by Jeff Allan
Foreign investors in the Japanese market have long criticized the Nikkei 225 due to its price-weighted basis. The Nikkei 225’s narrow focus and its tendency to distort perceptions resulted in Japanese retailer Fast Retailing Co. accounting for over 10 percent of the index, while banks only comprise less than 2 percent. Such is the nature of a price-weighted index. On the other side of the token is TOPIX, which is considered the more representative than the Nikkei. Although the TOPIX is capitalization-weighted, the popular consensus is that with nearly 1,700 companies listed on the First Section of the TSE, it is too broad in scope.
Investors had cause to celebrate with the launch of the JPX-Nikkei 400 in January. Jointly calculated by the Japan Exchange Group, the Tokyo Stock Exchange, and the Nikkei, the JPX-Nikkei 400 is a departure from the Nikkei 225 and TOPIX. As reported by the Wall Street Journal, the JPX-Nikkei 400 is weighted by free-float market capitalization, to bring it in line with global standards. It also offers additional screening criteria that are intended to ensure that company composition is appealing to investors.
Focus on Quality
Abenomics has put special emphasis on better return on equity (ROE) by companies. In that vein, it comes as no surprise that the new index puts a heavy importance on the quality of companies that comprise it. The Japan Exchange Group has laid out several quantitative as well as qualitative guidelines that are used to evaluate companies for inclusion on the JPX-Nikkei 400. Notable among the quantitative factors are
Three-year average ROE of at least 40 percent
Three-year cumulative operating profit of at least 40 percent
Market capitalization of at least 20 percent on the base date of selection In a very big nod to foreign investor interests, the qualitative factors go far to address many of the most desirable aspects that fund managers have long sought. These include:
Appointment of Independent Outside Directors ? Japan Exchange awards extra points for companies that have appointed at least two independent outside directors; this will serve to improve corporate governance and increase the shareholder-oriented culture of the companies
International Financial Reporting Standards (IFRS) ? Companies that have adopted or are scheduled to adopt IFRS gain extra points; IFRS acts to unify accounting standards across national borders, making financial information more accessible to international investors
Disclosure of English Earnings Information ? Companies can score additional points by disclosing their earnings information in English via TDNet; a major hurdle many international investors encounter is the Japanese language barrier, which this factor intends to resolve
With this focus on quality, expectations are high for the JPX-Nikkei 400. The Wall Street Journal expects investments to start shifting away from the Nikkei 225 to start tracking the vastly superior JPX-Nikkei 400. Other analysts expect the new index to ultimately replace TOPIX entirely. If recent moves by the Government Pension Investment Fund (GPIF) are any indication, that predication might become reality soon.
In early April, GPIF added the JPX-Nikkei 400 as a benchmark for passive investments. Some analysts see GPIF’s move as the catalyst that will encourage a move from TOPIX to the JPX-Nikkei 400 as the main benchmark.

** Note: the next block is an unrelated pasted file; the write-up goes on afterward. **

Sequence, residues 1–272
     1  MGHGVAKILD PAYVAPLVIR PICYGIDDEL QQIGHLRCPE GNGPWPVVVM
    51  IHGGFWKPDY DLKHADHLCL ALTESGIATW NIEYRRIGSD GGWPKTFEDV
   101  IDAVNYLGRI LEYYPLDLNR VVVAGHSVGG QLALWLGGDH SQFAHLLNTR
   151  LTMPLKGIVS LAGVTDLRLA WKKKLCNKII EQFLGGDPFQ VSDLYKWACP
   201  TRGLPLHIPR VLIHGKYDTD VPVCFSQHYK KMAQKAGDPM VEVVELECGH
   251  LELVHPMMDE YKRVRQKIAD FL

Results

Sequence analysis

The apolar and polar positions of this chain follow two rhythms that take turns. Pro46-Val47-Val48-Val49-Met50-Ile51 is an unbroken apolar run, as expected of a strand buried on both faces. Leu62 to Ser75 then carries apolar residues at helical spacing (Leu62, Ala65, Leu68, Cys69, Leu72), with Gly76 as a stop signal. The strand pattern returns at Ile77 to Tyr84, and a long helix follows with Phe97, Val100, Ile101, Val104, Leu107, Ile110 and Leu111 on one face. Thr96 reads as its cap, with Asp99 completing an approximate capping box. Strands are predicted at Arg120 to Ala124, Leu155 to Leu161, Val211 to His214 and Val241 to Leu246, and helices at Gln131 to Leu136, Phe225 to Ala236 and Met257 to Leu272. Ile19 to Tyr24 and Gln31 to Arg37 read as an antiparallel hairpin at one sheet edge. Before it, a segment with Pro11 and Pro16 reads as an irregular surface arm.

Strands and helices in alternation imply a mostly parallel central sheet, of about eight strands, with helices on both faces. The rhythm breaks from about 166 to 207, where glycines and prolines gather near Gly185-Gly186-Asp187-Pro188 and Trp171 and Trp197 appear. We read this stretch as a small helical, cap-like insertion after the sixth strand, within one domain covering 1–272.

The Coming of Futures
In mid-April, French bank BNP Paribas conducted the first nine figure options trade on the fledging JPX-Nikkei 400 to a large institutional client. As BNP Paribas found though, the lack of a futures market on the new index meant they had to rely on proxy hedging against any possible market movements.
Hedging challenges have been a primary concern with the young JPX-Nikkei 400. Options to hedge out delta and vega exposure are limited, forcing traders to rely on alternate hedging strategies. Most have opted to avoid more significant risk exposure until futures are available to enable hedging.
Japan Exchange has acknowledged these limitations and also the strong buy-side interest in futures. To that end, the Osaka Securities Exchange (OSE) plans to start offering futures contracts around November of this year, according to a report fromBloomberg news.
The Derivative Benchmark
Many in the market expect that the JPX-Nikkei 400 will become the go-to index for derivatives including ETF, OTC, futures and options products, with the strongest demand expected from institutional investors.
Currently, Nikko and Nomura have launched two ETFs on the new index. As more simple index-linked funds and ETFs help boost liquidity, the next step will be derivatives for the JPX-Nikkei 400. Sources at JP Morgan say that there is already significant interest from institutional investors for these derivatives.
Taken together with the aforementioned GPIF moves, the JPX-Nikkei 400 appears likely to become Japan’s default equity derivative benchmark, displacing the price-weighted Nikkei 225 and the overly broad TOPIX.
The JPX-Nikkei 400 got off to a modest start after initial launch. The lack of futures and hedging options slowed early progress. However, the combination of free-float market capitalization weighting, its focus on quality, and the promise of higher returns has proven extremely attractive to institutional investors.
The JPX-Nikkei 400 has also taken great strides to fulfill several wish list items for international investors. Chief among these are better corporate governance, improved shareholder orientation, and more focus on ROE.
With the introduction of futures and other derivative products later this year, the JPX-Nikkei 400 is poised to become Japan’s index of choice.